The team members of American Excavations Samothrace are the latest in a long succession of explorers who have investigated the ancient Sanctuary of the Great Gods on Samothrace, Greece. Emory University’s involvement reaches back to the 1980s, and since 2012 it has taken the leadership role, drawing scholars and students from the departments of Art History and Environmental Sciences, the Michael C. Carlos Museum, the Rollins School of Public Health, and the Emory Center for Digital Scholarship (ECDS). This post explores reflections on the Samothrace virtual season from Michael Page (ECDS; Department of Environmental Sciences)—with additional input from Dr. Bonna Wescoat—during the COVID-19 pandemic in Summer 2020. The digital tools and methods the project team have used in adapting to new work conditions reflects a longer history of digital scholarship involved in the Samothrace project and have provided a way for project team members to collaborate and think critically about the direction of the project for the future.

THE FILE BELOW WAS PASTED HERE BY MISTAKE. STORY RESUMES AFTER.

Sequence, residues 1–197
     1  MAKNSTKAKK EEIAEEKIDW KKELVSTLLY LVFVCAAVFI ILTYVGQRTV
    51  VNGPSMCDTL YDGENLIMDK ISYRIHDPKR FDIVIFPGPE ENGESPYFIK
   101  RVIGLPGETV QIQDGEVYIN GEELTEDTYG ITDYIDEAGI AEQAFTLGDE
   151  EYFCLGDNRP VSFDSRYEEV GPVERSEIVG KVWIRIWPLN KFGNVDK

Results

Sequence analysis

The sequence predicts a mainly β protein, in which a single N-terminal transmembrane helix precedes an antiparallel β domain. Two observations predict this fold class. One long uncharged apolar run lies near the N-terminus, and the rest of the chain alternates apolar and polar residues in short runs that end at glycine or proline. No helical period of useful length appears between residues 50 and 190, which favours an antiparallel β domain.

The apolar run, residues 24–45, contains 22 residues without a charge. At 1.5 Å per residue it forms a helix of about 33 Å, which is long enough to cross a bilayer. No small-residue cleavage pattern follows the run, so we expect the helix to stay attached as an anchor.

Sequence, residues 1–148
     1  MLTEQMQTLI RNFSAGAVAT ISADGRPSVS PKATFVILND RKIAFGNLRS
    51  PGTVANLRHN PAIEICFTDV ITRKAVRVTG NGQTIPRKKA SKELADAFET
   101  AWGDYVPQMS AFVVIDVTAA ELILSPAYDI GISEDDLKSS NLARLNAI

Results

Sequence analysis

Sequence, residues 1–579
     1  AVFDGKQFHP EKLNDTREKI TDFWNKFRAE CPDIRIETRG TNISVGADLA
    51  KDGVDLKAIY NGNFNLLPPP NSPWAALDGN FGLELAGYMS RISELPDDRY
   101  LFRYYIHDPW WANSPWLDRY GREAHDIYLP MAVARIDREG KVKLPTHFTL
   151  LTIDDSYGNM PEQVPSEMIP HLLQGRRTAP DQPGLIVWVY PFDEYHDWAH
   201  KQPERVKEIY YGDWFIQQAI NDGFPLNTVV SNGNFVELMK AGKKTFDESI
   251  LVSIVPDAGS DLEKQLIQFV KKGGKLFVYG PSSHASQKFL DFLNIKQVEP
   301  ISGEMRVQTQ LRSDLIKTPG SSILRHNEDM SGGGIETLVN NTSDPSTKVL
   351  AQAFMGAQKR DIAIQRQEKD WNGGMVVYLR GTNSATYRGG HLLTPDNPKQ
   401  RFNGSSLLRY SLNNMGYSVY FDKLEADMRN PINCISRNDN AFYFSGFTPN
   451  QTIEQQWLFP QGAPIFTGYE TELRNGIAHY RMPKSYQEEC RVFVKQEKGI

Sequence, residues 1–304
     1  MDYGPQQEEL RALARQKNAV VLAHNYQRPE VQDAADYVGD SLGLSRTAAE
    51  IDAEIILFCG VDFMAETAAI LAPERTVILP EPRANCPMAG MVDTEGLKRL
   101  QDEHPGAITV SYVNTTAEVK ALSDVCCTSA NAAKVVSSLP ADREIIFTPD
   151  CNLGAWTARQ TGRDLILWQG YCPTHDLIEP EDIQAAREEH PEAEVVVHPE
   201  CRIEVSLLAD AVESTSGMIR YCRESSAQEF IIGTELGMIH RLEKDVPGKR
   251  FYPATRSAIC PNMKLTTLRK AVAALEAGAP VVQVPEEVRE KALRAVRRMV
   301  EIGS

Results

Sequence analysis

- American Excavations Samothrace: https://samothrace.emory.edu/
Since the 1930s, Americans have been involved in the interdisciplinary and international Samothrace project, which has included experts, staff, and students (graduate and undergraduate) from various institutions including Emory University. The American team was initially sponsored by NYU’s Institute of Fine Arts, beginning its work at the Sanctuary of the Great Gods in 1938. Alongside the NYU Institute of Fine Arts, Emory University became the lead sponsor of the research team in 2012. Every summer, teams travel to Samothrace to conduct excavations and research. Dr. Bonna D. Wescoat (Samuel Candler Dobbs Professor of Art History) is the current Director of American Excavations Samothrace, having taken leadership of the project in 2012. Michael Page (Geographer at ECDS) has been part of the Samothrace project for 13 years and is the director of the survey team. Other ECDS involvement includes a redesign of the website in 2015-2016, as well as work on 3D visualization of the sanctuaries conducted by team members of the Visualization Lab which include Arya Basu (Visual Information Specialist) and Ian Burr (Visual Design Specialist).